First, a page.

Friday, May 30, 2014

Food Cart Project Part VIII: Social Media, Equipment Testing

Last weekend, I had a meeting with a chap called Steven Shomler, who recently wrote an excellent book about the Portland food cart scene. Steven also runs a website called Portland Food Cart Adventures. He has a very generous policy of allowing anybody seriously thinking about opening a food cart to bend his ear for a little while, provided they're willing to buy him a cup of coffee or a pint of beer. So, I was able to get a lot of questions answered and take in some great advice. One point he stressed was the importance of getting the brand and social media presence in place, earlier rather than later. I'd already done a fair amount of the branding (having a background in graphic design really helps here), but I hadn't intended on getting the concept out to the public so soon, so that's what I worked on through the rest of the weekend and since. I now have the Twitter:

And the Facebook:

I also set up an Instagram account, as well as the website, which I put together through Squarespace. I don't have a link for that yet, as I seem to be having some trouble getting the domain to populate over from GoDaddy, but here's a shot of the home page:

So, most of that is in place. And obviously, the concept is now public. Burmese food, doing Burmese food (or a somewhat Westernized, PDX take on it, at any rate; I'm not making any claims at authenticity). This weekend, I gave a couple pieces of equipment I'll be using a test run. Chicken, meet my new convection oven. You two are gonna have so much fun together...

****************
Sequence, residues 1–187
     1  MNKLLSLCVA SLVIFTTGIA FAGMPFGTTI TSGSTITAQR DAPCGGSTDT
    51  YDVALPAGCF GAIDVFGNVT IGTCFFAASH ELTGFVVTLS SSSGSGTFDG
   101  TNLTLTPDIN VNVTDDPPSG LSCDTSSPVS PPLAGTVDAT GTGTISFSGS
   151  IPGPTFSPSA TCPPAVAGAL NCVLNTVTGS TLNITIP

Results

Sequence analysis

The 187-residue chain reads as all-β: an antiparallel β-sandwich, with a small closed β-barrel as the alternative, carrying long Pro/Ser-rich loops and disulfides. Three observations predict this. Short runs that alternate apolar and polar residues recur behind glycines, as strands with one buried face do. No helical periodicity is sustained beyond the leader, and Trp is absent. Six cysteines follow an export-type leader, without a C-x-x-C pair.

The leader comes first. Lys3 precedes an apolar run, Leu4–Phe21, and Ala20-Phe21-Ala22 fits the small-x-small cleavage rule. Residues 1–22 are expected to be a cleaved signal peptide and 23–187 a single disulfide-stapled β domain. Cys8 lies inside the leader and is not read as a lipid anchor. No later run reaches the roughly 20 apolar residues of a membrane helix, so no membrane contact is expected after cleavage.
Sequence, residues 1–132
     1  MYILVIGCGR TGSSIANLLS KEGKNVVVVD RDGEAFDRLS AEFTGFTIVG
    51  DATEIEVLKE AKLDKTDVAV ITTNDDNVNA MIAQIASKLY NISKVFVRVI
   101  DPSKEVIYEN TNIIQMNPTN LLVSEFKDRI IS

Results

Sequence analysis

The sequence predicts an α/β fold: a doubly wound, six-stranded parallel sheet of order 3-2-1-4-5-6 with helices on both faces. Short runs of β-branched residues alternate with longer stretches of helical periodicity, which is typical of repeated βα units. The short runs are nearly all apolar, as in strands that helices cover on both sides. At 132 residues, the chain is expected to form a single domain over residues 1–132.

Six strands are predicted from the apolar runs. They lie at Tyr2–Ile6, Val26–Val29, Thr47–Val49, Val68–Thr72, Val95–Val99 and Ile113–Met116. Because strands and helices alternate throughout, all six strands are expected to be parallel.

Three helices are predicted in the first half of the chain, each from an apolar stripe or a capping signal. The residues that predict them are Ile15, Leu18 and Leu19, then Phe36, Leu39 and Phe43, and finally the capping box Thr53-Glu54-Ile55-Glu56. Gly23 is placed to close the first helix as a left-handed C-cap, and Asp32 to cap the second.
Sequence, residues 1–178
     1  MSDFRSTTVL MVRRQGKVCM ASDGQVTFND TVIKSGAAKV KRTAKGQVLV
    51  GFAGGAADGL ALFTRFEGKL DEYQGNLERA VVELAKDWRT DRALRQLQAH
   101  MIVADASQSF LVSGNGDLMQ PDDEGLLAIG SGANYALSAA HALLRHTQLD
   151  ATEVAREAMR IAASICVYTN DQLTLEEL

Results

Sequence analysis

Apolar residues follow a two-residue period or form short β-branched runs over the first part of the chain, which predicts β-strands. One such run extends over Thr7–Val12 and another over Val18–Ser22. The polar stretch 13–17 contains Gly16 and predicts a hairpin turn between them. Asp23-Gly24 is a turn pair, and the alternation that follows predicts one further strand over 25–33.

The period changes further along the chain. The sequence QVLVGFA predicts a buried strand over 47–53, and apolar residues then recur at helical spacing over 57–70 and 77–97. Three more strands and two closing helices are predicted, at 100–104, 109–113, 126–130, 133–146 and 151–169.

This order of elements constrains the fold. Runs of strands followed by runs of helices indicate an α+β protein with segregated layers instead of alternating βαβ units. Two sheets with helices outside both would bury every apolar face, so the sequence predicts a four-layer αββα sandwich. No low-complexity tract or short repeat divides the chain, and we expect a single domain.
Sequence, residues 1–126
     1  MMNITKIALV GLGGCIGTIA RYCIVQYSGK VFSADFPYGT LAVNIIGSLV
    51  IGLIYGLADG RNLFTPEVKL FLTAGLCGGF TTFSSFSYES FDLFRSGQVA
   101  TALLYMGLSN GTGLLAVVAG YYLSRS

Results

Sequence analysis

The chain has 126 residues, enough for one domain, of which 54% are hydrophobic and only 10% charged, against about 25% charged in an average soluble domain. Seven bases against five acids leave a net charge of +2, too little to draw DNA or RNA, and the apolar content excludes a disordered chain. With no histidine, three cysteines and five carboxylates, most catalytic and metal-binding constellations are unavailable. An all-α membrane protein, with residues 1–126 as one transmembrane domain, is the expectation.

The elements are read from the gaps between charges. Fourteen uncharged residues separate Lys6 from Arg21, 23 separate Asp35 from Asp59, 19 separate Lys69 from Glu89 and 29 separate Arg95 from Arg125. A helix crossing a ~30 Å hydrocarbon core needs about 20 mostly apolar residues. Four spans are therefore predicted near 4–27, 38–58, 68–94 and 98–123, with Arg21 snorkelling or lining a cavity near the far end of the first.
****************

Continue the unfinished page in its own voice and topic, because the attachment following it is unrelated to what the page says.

Very, very important. I'm not sure what this thing could be immersed in, aside from a bathtub or  a swimming pool, but very, very important nevertheless:

Trust me, they said. Then they trussed me:

The chicken fits in the oven very nicely. Shouldn't be too much trouble cooking two at a time:

And, here's the finished product. I brined the chicken overnight, but apart from that I didn't really season it at all. Just dried it off a bit, and threw it right in. And it was fantastic.

I also gave the pressure cooker its inaugural run. Stock takes about a quarter of the time in one of these.

I tossed in the bones from just the one chicken, six quarts of water, and some aromatic vegetables and herbs (in this case, I want a Southeast Asian flavor profile, so I went with a couple of shallots, along with some lemongrass, green onion, and parsley that I'd put in the freezer not long ago. If you make stock, or plan on starting, always remember to save those veggie scraps and put 'em in the freezer):

Of course, you'll want to strain that and get it into an ice bath once it's done:

The stock turned out really well. I was a little concerned that one chicken's worth of bones wouldn't be enough, but the nice thing about the pressure cooker is that it really extracts the flavor and collagen from the bones. The yield ended up being just a little over five and a half quarts. Not bad. Stay tuned!

Sunday, May 18, 2014

Food Cart Project Part VII: How to Build a Floor

First, frame it out with 2x4s. You'll usually see floors built with 2x6s, which I don't think is necessary for this application, as the floor will sit on a fairly strong metal frame to begin with; also, weight's a consideration here. This was all put together with a compressed air powered framing nailer, which made for quick work (that being said, if the pressure in the compressor tank gets a bit low, you might have the odd nail that doesn't get sent in all the way; it's useful to have a hammer on hand in such a case, or a pry bar in case you have to re-do it). And remember, always measure twice, cut and nail once!

Once the framing's done, lay out the sheathing, in this case 3/4" subfloor OSB. Line it up with at least one corner and two sides, snap a chalk line where it needs to be trimmed, and move it a bit so you can get the saw through it. A good circular saw is the tool for this.